According to the National Institute on Drug Abuse, military deployment unfairly impacts our veterans with associated health burdens, such as smoking initiation, unhealthy drinking, drug use and risky behaviors. A 2015 report found that one in three service members met the report’s stated criteria for binge drinking, with more than one in three service personnel meeting criteria for hazardous drinking or possible alcohol use disorder. The National Institute on Drug Abuse added that among veterans presenting for first-time care within the Veterans Health Administration system, close to 11% meet criteria for a substance use disorder diagnosis, and that veterans with substance use disorders commonly meet the criteria for co-occurring mental health disorders such as PTSD, depression and anxiety.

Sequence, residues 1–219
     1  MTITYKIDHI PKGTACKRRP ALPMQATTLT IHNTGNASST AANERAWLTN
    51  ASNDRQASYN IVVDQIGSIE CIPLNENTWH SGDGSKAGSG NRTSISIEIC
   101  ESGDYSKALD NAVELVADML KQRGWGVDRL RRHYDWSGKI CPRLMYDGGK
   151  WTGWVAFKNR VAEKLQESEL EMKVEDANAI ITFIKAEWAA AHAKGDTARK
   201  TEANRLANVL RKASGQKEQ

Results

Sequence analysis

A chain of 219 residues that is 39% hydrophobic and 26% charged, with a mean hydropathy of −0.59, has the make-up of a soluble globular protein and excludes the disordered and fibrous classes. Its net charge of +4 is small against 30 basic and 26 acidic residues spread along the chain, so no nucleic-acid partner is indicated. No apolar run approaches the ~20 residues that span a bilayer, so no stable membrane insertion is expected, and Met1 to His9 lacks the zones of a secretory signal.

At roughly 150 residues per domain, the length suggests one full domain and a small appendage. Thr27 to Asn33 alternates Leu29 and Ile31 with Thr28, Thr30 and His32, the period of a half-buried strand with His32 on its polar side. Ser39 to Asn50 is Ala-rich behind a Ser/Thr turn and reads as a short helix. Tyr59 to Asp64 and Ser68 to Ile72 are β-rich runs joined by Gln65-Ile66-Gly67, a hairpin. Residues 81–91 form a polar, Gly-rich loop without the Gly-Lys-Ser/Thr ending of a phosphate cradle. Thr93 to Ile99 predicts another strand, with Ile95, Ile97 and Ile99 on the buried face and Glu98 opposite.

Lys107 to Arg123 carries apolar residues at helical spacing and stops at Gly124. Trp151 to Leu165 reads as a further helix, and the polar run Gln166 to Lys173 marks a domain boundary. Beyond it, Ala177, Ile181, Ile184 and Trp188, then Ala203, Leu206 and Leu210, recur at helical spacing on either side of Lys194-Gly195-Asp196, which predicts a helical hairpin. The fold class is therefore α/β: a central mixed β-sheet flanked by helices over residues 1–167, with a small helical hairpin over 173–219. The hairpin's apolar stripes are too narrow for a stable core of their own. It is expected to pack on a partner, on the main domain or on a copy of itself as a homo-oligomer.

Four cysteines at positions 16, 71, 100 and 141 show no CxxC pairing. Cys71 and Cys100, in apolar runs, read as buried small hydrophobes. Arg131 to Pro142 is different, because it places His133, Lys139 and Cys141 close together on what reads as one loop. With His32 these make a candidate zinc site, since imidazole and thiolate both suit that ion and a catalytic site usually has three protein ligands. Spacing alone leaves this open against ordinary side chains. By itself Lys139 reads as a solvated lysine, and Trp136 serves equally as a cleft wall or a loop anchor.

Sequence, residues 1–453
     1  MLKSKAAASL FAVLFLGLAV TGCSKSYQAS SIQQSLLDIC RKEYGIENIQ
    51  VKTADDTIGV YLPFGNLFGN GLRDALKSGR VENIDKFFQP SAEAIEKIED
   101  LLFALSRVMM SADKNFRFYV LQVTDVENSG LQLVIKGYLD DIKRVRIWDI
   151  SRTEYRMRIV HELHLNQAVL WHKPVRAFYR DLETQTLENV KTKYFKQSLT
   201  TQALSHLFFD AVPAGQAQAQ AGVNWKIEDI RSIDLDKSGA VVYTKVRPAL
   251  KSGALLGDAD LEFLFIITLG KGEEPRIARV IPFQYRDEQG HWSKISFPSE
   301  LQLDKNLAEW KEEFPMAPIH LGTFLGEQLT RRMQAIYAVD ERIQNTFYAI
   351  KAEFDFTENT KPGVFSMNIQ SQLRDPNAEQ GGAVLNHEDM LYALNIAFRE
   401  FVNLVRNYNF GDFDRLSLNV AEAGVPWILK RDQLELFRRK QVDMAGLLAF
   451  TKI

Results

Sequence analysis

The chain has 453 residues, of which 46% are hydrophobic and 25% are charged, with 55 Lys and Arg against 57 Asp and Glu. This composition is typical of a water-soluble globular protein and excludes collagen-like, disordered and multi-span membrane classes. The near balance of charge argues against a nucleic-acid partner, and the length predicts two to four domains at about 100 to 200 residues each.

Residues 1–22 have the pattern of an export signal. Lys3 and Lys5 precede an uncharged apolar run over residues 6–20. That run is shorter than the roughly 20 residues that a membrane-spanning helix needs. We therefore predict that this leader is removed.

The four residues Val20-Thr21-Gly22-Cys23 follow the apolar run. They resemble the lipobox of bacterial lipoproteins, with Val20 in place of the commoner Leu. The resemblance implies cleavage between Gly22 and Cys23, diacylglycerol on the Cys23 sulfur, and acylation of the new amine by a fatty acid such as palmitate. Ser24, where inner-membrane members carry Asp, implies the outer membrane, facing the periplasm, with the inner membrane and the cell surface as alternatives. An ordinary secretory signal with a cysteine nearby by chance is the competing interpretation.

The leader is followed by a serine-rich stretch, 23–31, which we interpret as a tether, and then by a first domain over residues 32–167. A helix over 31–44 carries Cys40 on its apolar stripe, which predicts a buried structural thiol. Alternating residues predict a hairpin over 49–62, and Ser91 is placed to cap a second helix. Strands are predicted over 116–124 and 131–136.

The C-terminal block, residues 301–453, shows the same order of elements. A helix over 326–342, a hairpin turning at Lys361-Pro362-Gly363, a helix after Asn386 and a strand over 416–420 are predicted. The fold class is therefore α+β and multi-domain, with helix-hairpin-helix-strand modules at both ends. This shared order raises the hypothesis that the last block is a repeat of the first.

In 2013, a report from the VA showed that a staggering 22 veterans die by suicide each day – or one veteran every 65 minutes. Just one is far too many. These veterans can’t access cannabis under the VA’s medical care system, but they can be – and often are – prescribed multiple pharmaceuticals, a situation called polypharmacy. The potential for side effects is greater in polypharmacy, not just because the number of pharmaceutical prescriptions is increased, but because of the potential for medications to interact with each other as well.

Prior to starting Vireo Health, company founder and CEO Dr. Kyle Kingsley worked with several veterans who had been prescribed medications to help with chronic pain and PTSD. One veteran, who had suffered a gunshot wound that resulted in a spinal cord injury, was prescribed opioids to help with his debilitating pain, but found that the opioids came with their own side effects. His story is one of many.